SDP sets its sights on fundamental barriers to democracy

Chee Soon Juan

Following the disappointment of last week’s general election result, the Singapore Democratic Party (SDP) has once again “nailed its colours” to the democratic cause, reiterating the party’s long-held stance that political rights are necessary before democracy can truly be achieved in the city-state.

While the party had considered numerous factors for the 2015 election result – from the effects of Lee Kuan Yew’s passing and the SG50 celebrations to the ruling People’s Action Party’s leftward shift in terms of policy – its candidates, none of whom were successful in winning a seat in Parliament, often returned to the subject of a skewed playing field in terms of the mainstream media as well as the PAP’s grassroots reach through supposedly non-partisan organisations.

“If I say it’s dirty people may not like it… so it’s not clean, yah,” quipped Damanhuri bin Abas, who had been part of the party’s team in Marsiling-Yew Tee GRC.

He went on to describe the difficulties the party had faced in campaigning in Marsiling-Yew Tee, a newly-created GRC that consisted of wards previously in Sembawang and Chua Chu Kang GRCs. SDP, which had contested Sembawang GRC in the 2011 general election, had been walking the ground in Marsiling only to find at the end of July that Yew Tee, in which they had not yet done any work, was now also part of the constituency they would be contesting.

“When we were campaigning people in Yew Tee said, ‘We’ve never seen you!’ And it was true, because Yew Tee was previously part of Chua Chu Kang!” Damanhuri said. It was later highlighted that the SDP polled significantly better in Marsiling where they had been working as compared to Yew Tee.

SDP Post-GE Forum


Speaking before a crowd that filled the SDP’s headquarters and spilled out the front door, SDP secretary-general Chee Soon Juan argued that the power imbalances in the system meant “elections in Singapore can have one, and only one, outcome… PAP victory.”

Control over the mainstream media, the use of the People’s Association for party purposes and the placing of the Elections Department under the purview of the Prime Minister’s Office have stacked the deck against opposition parties, assuring the continuance of PAP dominance in Singaporean politics, Chee said.

“Democracy isn’t just about voting once every five years. It’s about having a free media where views are openly aired… where contesting parties have the ability to meaningfully engage the electorate and where there are free and fair elections,” he said.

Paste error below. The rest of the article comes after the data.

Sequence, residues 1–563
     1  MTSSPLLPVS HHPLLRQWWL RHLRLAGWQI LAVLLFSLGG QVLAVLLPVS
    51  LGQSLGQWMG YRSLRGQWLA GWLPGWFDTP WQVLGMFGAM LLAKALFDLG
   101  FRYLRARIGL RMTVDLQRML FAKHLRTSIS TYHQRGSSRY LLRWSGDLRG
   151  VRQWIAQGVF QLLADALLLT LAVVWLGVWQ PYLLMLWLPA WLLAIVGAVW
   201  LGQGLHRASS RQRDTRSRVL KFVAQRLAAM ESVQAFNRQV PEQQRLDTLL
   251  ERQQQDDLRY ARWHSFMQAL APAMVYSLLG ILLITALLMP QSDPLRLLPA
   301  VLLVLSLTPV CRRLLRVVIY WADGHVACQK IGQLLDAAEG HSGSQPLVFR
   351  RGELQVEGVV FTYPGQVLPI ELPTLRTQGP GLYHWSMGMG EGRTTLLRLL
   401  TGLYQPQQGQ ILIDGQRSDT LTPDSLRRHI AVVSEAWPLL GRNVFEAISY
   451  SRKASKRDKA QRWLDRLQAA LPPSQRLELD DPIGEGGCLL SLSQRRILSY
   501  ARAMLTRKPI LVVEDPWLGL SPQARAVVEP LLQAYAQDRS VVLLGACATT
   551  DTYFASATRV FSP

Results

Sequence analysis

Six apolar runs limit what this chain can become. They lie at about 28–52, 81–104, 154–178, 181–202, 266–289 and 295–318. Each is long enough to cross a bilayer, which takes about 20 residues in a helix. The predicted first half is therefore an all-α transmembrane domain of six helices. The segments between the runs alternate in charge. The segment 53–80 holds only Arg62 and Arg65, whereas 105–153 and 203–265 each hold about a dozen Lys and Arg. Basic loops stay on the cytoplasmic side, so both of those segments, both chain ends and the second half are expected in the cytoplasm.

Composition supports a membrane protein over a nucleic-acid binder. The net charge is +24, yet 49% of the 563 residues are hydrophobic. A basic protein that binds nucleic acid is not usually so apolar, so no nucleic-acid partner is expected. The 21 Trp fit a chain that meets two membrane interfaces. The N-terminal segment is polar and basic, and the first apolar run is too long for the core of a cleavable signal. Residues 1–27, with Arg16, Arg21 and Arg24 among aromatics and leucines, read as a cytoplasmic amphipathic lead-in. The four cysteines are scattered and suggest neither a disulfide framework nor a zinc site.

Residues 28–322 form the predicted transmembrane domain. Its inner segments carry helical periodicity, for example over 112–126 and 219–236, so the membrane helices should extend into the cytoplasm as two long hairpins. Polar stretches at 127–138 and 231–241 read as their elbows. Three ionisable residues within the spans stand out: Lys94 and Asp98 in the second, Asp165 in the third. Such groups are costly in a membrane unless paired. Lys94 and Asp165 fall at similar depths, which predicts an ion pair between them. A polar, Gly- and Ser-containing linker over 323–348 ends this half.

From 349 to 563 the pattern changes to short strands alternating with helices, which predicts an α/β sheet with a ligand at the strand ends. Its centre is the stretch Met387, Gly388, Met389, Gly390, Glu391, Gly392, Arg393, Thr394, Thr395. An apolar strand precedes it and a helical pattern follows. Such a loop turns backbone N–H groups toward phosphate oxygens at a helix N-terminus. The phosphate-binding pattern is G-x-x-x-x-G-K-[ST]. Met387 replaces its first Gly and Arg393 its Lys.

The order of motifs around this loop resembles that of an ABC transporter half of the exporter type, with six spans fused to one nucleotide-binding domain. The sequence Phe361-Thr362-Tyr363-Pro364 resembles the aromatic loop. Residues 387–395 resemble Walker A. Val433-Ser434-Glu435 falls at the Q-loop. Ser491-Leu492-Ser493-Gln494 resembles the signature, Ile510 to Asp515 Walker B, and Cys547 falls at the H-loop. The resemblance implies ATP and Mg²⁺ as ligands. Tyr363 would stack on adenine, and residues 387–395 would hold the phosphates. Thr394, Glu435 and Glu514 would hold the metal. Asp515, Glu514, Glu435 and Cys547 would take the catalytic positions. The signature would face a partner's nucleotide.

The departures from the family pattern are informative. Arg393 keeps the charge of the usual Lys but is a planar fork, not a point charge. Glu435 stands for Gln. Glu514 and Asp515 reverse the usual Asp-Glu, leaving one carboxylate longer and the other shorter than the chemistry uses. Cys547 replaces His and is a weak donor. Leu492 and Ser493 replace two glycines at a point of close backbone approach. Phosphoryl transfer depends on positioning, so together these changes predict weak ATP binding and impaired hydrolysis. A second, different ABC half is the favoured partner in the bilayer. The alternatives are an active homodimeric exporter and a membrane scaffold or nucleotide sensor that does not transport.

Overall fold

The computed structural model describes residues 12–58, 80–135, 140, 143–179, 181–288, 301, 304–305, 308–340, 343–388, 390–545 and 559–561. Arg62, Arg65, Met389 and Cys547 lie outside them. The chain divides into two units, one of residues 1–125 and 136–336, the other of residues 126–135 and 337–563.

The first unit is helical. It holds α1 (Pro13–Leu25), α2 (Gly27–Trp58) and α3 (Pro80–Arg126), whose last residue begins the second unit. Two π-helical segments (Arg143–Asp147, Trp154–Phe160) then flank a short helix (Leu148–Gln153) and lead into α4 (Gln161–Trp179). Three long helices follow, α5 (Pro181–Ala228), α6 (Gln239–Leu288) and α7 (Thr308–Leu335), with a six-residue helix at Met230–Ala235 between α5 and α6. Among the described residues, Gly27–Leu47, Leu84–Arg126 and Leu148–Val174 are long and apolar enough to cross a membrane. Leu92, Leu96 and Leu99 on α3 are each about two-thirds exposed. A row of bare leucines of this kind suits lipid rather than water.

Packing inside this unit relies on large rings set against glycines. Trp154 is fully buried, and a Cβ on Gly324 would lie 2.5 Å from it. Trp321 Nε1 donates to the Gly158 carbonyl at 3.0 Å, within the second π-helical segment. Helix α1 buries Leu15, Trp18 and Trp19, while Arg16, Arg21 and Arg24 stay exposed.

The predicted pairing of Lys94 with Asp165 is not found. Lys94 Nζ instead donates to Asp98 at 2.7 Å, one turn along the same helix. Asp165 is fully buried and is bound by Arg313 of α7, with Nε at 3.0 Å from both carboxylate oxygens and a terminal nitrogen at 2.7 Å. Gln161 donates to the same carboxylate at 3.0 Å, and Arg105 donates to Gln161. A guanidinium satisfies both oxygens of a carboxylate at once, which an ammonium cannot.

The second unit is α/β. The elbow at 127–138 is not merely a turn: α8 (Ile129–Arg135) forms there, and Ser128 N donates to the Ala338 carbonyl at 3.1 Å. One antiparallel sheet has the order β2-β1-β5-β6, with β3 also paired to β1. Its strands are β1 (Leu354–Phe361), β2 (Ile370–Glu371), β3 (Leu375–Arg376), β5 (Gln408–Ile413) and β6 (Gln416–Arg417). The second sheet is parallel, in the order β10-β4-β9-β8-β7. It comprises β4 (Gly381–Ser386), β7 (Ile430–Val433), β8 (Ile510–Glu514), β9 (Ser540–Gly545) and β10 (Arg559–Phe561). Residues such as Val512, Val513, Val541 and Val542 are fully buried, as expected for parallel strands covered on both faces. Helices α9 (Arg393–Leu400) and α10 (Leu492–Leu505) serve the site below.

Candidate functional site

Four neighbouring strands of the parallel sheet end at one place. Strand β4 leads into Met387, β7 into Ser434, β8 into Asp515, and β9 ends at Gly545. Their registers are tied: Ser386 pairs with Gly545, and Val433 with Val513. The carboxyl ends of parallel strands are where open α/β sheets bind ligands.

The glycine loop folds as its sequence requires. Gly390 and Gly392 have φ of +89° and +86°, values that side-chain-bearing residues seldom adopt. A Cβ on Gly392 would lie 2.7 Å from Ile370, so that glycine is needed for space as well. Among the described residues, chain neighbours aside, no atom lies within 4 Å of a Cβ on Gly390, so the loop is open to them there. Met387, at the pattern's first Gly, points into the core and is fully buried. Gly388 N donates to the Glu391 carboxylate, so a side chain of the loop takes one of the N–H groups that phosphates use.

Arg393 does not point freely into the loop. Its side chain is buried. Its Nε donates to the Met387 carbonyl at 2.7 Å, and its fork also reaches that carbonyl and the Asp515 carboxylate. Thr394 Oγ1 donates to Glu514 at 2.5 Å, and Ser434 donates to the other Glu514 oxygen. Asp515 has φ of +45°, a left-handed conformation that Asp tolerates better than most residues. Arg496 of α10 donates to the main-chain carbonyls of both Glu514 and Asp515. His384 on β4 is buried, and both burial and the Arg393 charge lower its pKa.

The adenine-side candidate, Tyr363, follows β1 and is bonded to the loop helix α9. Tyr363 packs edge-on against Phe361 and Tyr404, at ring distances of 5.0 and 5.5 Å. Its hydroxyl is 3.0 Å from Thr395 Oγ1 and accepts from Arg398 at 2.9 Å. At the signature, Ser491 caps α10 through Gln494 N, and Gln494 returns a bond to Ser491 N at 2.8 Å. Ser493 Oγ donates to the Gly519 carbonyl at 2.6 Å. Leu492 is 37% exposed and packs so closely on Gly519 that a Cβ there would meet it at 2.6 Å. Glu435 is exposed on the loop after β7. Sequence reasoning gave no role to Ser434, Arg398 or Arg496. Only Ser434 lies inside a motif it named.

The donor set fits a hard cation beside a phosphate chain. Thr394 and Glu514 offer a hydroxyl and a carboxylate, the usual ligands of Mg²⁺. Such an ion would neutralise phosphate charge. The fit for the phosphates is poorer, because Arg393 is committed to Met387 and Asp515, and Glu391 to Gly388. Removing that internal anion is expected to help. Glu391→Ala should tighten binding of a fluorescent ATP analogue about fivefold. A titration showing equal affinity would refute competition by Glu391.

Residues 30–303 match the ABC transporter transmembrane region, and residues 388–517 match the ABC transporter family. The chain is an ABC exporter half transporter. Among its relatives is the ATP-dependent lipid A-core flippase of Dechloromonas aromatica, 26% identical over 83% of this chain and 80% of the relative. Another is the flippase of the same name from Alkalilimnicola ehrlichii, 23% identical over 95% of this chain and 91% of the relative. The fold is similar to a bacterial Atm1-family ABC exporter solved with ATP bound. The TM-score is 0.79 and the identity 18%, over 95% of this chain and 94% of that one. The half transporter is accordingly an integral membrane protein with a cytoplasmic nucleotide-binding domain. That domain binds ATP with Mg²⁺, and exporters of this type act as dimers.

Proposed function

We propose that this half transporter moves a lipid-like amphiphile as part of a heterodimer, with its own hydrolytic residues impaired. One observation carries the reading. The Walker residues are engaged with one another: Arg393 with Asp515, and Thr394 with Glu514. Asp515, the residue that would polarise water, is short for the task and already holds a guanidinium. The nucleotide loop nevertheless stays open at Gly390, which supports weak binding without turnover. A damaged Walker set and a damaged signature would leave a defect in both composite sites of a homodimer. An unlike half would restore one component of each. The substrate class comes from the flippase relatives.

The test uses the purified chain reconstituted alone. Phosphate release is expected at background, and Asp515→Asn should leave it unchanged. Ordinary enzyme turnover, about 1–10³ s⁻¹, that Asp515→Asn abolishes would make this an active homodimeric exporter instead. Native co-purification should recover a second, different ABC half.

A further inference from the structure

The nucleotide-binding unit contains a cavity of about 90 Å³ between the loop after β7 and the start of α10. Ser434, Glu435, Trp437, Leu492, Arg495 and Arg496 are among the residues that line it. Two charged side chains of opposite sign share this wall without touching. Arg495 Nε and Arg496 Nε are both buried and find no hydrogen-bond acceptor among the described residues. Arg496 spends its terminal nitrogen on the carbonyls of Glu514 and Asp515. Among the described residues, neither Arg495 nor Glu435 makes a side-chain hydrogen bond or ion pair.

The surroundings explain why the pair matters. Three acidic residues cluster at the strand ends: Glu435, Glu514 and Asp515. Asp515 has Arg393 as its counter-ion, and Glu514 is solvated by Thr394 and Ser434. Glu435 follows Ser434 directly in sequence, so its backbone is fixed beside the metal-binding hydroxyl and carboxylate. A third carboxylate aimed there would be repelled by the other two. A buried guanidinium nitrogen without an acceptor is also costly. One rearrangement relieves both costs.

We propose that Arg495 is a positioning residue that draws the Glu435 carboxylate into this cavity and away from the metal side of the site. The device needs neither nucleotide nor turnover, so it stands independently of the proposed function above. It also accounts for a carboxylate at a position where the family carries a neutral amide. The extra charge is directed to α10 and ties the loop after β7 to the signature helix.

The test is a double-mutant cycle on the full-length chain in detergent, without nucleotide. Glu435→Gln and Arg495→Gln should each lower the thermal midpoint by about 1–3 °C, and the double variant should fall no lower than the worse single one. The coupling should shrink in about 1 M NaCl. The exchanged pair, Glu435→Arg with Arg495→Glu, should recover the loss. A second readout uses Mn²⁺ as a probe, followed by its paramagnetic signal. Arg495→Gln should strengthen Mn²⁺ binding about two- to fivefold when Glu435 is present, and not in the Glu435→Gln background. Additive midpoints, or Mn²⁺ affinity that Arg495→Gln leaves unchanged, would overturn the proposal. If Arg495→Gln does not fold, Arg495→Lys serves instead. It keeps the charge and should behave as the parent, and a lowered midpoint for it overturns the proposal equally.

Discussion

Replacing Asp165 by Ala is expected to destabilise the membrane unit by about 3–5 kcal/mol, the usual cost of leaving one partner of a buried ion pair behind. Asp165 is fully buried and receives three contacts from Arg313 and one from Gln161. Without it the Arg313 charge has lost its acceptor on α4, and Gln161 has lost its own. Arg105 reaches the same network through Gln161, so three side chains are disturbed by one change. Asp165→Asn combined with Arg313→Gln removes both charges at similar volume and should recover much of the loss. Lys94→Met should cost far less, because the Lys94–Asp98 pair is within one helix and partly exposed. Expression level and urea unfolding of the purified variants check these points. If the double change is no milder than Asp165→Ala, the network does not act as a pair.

These controls have led to a climate in which Singaporeans have been conditioned to think that the “PAP is the only party that has the ideas to bring us forward”, he added. This, he added, convinces people that the PAP is a “behemoth” that cannot be challenged, and to foster an electorate that fears Singapore will not be able to survive without the party at the helm.

Opposition parties have tried to work the system by hitting the ground and canvassing for votes, but Dr Chee argued that the inequality lying at the root of Singapore’s one-party state will have to change before the country becomes truly democratic.

“We have been working hard,” he said. “Now let us start working smart.”

Acknowledging that struggling for things like press freedom and the depoliticisation of the People’s Association would require “Herculean effort”, Chee indicated that the SDP would be reaching out to civil society groups as well as other opposition parties such as the Workers’ Party to seek “unity of purpose”.

He later added that people would have to work together to “rid ourselves of restrictions spelled out under the Newspaper and Printing Presses Act”, which allows for the government to make key appointments in print and broadcast outlets, as well as to revoke licenses at any time.

He also urged political commentators – mentioning well-known figures such as Yeoh Lam Keong and Catherine Lim by name – to step forward to join the movement towards democracy rather than distance themselves from parties like the SDP for the sake of neutrality.

“We cannot claim to be neutral in a political system as lopsided as ours,” he said.

Speaking to all those assembled, Dr Chee urged Singaporeans who could contribute in terms of public relations, IT savvy or financial support to step forward and help the party, and to commit to working with the party not just for the immediate future, but for the next five years until the next election. New strategies would have to be formed to allow a party like the SDP to grow a grassroots network despite lacking the resources of the PAP.

“If we don’t get smart we will be chasing our tails election in, election out,” he said.